Tim Hartnell

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Tim Hartnell
Occupationjournalist, author, programmer
Known for computer game books

Tim Hartnell (1951–1991) was an Australian journalist, self-taught programmer and extremely prolific, bestselling author of books and magazines on computer games. He set up The National ZX80 User Group with Trevor Sharples in 1980 producing a more-or-less monthly magazine entitled Interface. This User Group then expanded to include the ZX81, Acorn Atom and Spectrum computers, and provided a springboard for Tim and Trevor to launch the first of their home computing books. His company, Interface Publications (set up with Elizabeth North), produced titles for all of the machines in the home computer market, including Sinclair machines. Hartnell wrote several compendiums of computer games, which typically had several categories of games, with several games in each category. Each category had tips for writing enjoyable games in that genre. Each game had a description of the program and an explanation of its implementation, sometimes with ideas for modifications; this was followed by the raw code, which the reader had to enter into the computer. Some long games, such as Bannochburn Legacy, had more than 500 lines of code.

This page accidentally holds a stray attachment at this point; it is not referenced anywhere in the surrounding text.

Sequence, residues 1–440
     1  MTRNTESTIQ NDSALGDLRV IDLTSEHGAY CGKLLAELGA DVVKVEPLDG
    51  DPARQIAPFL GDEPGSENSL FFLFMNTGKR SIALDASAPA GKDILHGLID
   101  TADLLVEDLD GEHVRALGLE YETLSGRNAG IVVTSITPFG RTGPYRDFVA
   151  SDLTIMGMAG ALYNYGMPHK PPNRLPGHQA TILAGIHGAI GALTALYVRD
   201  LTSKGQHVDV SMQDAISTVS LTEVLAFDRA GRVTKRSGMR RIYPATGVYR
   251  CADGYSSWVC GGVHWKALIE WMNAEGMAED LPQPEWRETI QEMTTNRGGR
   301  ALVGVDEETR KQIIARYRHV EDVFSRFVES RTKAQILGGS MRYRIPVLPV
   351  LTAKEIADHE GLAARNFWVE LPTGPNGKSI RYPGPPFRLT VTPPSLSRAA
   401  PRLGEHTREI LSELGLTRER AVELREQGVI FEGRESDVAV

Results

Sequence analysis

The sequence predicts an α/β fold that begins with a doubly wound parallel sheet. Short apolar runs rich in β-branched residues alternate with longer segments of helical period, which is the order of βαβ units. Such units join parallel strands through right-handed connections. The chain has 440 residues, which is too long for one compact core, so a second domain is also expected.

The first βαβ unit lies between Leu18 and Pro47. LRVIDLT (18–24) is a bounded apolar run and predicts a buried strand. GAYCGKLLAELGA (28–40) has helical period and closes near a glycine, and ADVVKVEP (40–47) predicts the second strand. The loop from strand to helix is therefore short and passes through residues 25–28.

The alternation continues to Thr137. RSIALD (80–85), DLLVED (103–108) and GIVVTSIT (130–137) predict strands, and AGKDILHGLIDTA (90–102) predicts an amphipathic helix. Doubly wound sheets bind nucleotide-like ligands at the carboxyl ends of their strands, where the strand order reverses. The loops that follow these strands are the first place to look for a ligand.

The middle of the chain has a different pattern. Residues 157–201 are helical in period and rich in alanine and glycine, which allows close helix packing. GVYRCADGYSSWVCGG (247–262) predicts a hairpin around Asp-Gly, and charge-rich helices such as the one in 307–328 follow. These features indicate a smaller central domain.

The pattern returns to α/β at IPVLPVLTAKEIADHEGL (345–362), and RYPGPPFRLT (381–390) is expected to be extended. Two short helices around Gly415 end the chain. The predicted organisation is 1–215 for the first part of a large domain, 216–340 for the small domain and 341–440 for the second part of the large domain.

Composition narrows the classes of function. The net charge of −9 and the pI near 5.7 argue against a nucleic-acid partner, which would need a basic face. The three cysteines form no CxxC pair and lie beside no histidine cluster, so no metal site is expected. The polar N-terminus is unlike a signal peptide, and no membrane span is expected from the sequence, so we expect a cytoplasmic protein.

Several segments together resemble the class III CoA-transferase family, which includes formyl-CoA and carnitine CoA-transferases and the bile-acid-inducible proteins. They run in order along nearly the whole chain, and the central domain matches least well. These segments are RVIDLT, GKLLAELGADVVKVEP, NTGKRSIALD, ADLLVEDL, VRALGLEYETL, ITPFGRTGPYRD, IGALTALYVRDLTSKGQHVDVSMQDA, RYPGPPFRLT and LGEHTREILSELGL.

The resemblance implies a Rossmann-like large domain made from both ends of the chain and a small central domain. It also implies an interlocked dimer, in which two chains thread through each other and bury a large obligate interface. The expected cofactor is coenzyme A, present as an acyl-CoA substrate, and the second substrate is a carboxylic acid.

To illustrate the style of these compendiums, here is the Table of Contents from Hartnell's Giant Book of Computer Games: [1]

Hartnell also wrote several how-to books about various genres of computer games, including Giant Book of Spectrum Games published in 1983, and also edited others, including Pete Shaw's Creating Adventure Games On Your ZX Spectrum, also published in 1983. They were designed so that a beginner could, using his programs as examples, intuitively learn the BASIC programming language. Although he created a wide variety of games, the code for all of them tended to be characterized by an outline-style organization that made it easy to discern the basics of how the program worked. His prose showed a passionate interest in, and enjoyment of, the games he created; he tended to be imaginative, witty, and dramatic, as well as nostalgic - he had little use for graphics, favoring text games that let the programmer's and player's imaginations do the work of creating the setting.

Hartnell returned to Australia in 1984 and died of cancer in 1991, at the age of 40.

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